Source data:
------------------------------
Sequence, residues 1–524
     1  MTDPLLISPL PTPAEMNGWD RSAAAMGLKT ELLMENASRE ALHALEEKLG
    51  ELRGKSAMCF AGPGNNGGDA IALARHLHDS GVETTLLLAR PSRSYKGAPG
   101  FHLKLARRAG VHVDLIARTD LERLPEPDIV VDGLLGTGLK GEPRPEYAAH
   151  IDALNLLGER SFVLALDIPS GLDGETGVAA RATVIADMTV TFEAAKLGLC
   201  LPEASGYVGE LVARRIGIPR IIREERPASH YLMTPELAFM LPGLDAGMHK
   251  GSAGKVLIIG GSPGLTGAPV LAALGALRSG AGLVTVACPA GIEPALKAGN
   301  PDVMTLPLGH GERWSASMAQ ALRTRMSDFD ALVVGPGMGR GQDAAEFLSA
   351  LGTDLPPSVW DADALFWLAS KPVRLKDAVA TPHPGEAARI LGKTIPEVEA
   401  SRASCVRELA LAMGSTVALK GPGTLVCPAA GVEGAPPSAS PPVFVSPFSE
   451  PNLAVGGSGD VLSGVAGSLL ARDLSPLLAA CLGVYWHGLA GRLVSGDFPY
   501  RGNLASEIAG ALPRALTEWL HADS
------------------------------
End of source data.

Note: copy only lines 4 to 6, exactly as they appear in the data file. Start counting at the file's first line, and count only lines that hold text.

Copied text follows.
   101  FHLKLARRAG VHVDLIARTD LERLPEPDIV VDGLLGTGLK GEPRPEYAAH
   151  IDALNLLGER SFVLALDIPS GLDGETGVAA RATVIADMTV TFEAAKLGLC
   201  LPEASGYVGE LVARRIGIPR IIREERPASH YLMTPELAFM LPGLDAGMHK